Philosophy Dictionary of Arguments

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Mind: The mind is the set of faculties responsible for thought, emotion, perception, and consciousness. It is often contrasted with the body, or physical matter. See also Consciousness, Spirit, Thinking, Thoughts, Brain, Brain states, Body, Identity theory.
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Annotation: The above characterizations of concepts are neither definitions nor exhausting presentations of problems related to them. Instead, they are intended to give a short introduction to the contributions below. – Lexicon of Arguments.

 
Author Concept Summary/Quotes Sources

David Hume on Mind - Dictionary of Arguments

I 7
Mind/Hume: the mind has no consistency itself, only psychology of affections. An affect is possible. The mind must be affected.
I 9
Mind/Hume: the mind is identical with imagination and idea. Imagination: is no fortune, but a collection without uniformity.
>Imagination/Hume
, >Ideas/Hume.
I 14
Mind/Hume: the mind always remains passive. It is not determinative, but it is determined. The act of the mind is activated, not active.
I 7ff
Mind/Hume: the mind is passive, empty, filled with impressions (not ideas). Ordered by principles are: association, contiguity, causality. (Inner) impression corresponds to self-awareness, that creates the subject. Ideas are atomistic.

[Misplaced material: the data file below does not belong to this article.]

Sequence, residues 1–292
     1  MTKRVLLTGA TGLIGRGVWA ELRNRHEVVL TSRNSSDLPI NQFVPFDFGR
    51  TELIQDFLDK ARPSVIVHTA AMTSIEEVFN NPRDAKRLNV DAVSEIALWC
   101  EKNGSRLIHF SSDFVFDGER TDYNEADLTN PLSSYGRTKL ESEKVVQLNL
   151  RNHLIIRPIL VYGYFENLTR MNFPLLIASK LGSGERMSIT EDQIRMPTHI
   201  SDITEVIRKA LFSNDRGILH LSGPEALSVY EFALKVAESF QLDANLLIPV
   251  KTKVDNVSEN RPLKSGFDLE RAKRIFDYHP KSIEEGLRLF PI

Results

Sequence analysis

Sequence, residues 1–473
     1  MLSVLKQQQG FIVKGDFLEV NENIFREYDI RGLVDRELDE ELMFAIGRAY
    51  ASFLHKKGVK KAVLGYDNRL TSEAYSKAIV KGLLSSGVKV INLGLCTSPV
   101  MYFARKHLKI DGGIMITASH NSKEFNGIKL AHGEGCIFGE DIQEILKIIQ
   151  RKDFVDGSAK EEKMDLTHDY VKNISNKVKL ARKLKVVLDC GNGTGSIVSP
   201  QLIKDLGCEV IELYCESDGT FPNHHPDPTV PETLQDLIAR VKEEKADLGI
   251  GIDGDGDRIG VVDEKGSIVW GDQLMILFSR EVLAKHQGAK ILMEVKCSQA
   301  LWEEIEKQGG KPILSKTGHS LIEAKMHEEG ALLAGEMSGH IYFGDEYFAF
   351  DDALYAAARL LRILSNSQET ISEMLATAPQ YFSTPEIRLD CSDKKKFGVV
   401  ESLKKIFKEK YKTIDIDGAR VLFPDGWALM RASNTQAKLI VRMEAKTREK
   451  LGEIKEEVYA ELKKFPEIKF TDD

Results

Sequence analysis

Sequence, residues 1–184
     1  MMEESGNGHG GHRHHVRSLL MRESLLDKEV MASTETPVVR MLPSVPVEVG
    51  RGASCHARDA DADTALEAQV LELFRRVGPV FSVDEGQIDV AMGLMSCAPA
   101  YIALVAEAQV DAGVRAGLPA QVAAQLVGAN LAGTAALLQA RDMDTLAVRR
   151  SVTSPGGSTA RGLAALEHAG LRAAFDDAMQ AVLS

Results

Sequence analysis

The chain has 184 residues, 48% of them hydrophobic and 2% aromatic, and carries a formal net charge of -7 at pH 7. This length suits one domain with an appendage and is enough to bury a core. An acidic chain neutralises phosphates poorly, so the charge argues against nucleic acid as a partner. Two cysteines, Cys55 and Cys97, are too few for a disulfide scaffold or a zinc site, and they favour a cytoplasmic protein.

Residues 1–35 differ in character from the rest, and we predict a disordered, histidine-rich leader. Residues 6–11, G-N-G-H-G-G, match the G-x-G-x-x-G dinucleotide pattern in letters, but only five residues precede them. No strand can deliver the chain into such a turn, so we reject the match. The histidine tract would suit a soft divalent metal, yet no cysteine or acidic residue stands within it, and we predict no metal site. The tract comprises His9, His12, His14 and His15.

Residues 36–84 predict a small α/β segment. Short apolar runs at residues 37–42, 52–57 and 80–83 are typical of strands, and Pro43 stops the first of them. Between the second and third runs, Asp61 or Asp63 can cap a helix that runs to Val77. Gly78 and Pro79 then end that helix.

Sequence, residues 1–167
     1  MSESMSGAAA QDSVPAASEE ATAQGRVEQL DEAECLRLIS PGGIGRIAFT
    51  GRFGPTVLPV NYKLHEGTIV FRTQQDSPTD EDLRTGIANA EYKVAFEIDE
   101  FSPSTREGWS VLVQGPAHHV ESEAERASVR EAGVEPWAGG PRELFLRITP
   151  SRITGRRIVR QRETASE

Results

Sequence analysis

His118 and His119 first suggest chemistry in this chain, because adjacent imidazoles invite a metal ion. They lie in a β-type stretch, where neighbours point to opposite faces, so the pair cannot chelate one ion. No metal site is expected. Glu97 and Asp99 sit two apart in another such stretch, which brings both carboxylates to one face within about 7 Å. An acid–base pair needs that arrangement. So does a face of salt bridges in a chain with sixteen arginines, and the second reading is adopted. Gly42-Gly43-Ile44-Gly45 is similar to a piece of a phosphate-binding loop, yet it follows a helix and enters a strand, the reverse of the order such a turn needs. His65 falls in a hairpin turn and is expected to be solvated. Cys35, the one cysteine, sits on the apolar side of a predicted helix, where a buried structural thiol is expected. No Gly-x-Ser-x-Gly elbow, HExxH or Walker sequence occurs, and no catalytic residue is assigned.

I 61
Mind/Hume: new: in so far as the principles of morality and emotions act upon it, it ceases to be imagination and is fixed as a part of human nature (complex instead of simple effect, that is the distinction culture/nature).
Animal: an animal only knows simple effects. There are no exceeding rules.
I 105
Mind/Hume: the mind is identical with the idea. It is not subject and it does not need a subject. Also, it does not represent nature. Perceptions are the only objects. Every idea can disappear.
I 18
The mind is therefore quantitative, not qualitative. Invariant: the "smallest idea": e.g. I have an idea of the part of a grain of sand, but the images of it are all the same. Def "moment of the mind": is the citation of a smallest idea, but which is sensual.
I 120
The mind transforms to the subject by the two principles of affect and association. >I, Ego, Self/Hume,
>Association/Hume.

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Explanation of symbols: Roman numerals indicate the source, arabic numerals indicate the page number. The corresponding books are indicated on the right hand side. ((s)…): Comment by the sender of the contribution. Translations: Dictionary of Arguments
The note [Concept/Author], [Author1]Vs[Author2] or [Author]Vs[term] resp. "problem:"/"solution:", "old:"/"new:" and "thesis:" is an addition from the Dictionary of Arguments. If a German edition is specified, the page numbers refer to this edition.
D. Hume
I Gilles Delueze David Hume, Frankfurt 1997 (Frankreich 1953,1988)
II Norbert Hoerster Hume: Existenz und Eigenschaften Gottes aus Speck(Hg) Grundprobleme der großen Philosophen der Neuzeit I Göttingen, 1997


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Ed. Martin Schulz, access date 2024-04-21
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